Health economics needs to be included as an integral component of the translational research pathway to improve outcomes for patients, to achieve healthcare efficiency and to efficiently prioritize research investments. We recommend to:
Make the collection of data for an assessment of cost-effectiveness a mandatory part of all clinical research projects aimed at developing new preventive or therapeutic methods within the cancer mission.
Evaluate already existing methods (in fact deferred maintenance) as a validated reference.
All applications for clinical research grants should include a statement of how the project will contribute to the objectives of the mission, and a plan for how the impact should be assessed.
Support the development of a database carrying the relevant information to appraise cost-effectiveness of preventive and therapeutic innovations.
Support the advancement of methods that assess the social value of cancer care beyond aggregate gains in length and quality of life of patients, that are relevant for decisions about allocation of resources for cancer; severity of disease condition; necessity of intervention; prevalence of the condition; and impact on caregivers and dependents of patients.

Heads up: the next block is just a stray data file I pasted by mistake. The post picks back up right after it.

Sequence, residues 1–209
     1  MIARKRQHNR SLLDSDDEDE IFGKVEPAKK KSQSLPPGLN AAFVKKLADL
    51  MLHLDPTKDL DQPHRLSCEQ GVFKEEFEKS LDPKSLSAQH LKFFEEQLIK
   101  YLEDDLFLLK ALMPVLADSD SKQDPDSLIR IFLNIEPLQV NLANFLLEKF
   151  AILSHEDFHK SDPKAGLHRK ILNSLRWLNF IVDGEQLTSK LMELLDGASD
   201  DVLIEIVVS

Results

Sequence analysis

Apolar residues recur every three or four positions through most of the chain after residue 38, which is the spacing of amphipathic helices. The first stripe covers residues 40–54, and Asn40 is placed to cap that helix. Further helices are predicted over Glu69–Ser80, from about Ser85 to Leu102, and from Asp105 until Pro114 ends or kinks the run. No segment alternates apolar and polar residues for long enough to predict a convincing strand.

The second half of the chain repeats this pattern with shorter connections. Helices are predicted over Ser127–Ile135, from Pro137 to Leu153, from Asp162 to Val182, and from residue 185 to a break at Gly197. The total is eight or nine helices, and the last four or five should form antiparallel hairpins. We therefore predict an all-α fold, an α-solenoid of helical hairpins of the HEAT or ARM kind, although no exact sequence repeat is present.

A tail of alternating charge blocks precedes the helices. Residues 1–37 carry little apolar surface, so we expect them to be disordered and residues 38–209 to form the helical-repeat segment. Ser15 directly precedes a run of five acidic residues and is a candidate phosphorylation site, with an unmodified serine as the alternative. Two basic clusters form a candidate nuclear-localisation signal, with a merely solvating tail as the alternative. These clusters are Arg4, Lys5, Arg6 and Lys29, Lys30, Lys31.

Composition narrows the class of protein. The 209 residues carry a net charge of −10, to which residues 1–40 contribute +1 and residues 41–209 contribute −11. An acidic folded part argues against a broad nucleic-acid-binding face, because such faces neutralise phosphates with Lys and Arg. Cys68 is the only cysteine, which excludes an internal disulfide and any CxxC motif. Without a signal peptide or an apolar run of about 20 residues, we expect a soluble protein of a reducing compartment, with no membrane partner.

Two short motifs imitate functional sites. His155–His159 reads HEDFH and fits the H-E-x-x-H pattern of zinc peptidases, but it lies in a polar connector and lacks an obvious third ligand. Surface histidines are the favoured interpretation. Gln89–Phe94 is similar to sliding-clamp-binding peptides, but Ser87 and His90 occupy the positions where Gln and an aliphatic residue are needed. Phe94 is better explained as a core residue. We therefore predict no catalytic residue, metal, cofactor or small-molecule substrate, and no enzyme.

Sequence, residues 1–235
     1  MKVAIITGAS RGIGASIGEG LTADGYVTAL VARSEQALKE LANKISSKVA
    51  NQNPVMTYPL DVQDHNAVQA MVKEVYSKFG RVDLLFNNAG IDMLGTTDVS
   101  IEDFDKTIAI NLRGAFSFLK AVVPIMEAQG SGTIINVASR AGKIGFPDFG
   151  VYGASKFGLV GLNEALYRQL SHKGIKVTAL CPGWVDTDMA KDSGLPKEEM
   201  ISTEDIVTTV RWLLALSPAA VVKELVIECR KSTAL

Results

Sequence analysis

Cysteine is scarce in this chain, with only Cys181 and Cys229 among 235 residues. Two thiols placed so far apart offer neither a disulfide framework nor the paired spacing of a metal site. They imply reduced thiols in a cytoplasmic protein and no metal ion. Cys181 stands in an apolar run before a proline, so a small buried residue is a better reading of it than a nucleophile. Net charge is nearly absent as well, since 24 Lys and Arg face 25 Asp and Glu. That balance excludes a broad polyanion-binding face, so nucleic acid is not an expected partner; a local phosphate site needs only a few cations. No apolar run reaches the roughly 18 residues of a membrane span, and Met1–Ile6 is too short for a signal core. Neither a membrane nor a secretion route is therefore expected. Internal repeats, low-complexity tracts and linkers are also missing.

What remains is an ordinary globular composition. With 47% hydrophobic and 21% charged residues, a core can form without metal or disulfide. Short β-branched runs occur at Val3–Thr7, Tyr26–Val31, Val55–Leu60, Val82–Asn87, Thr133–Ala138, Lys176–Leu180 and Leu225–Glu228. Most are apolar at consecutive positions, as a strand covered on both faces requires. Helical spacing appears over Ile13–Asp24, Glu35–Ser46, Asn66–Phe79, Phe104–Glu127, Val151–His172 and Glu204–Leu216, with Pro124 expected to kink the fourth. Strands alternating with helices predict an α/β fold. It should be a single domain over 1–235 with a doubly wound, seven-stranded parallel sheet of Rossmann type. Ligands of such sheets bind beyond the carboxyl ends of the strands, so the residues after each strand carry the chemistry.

Install a task force that continuously evaluates and reports on the cost-effectiveness of new innovations in prevention and therapeutics, as information to healthcare systems to decide on adoption and reimbursement. The task force should also assess if the cancer mission research programme achieves its objectives.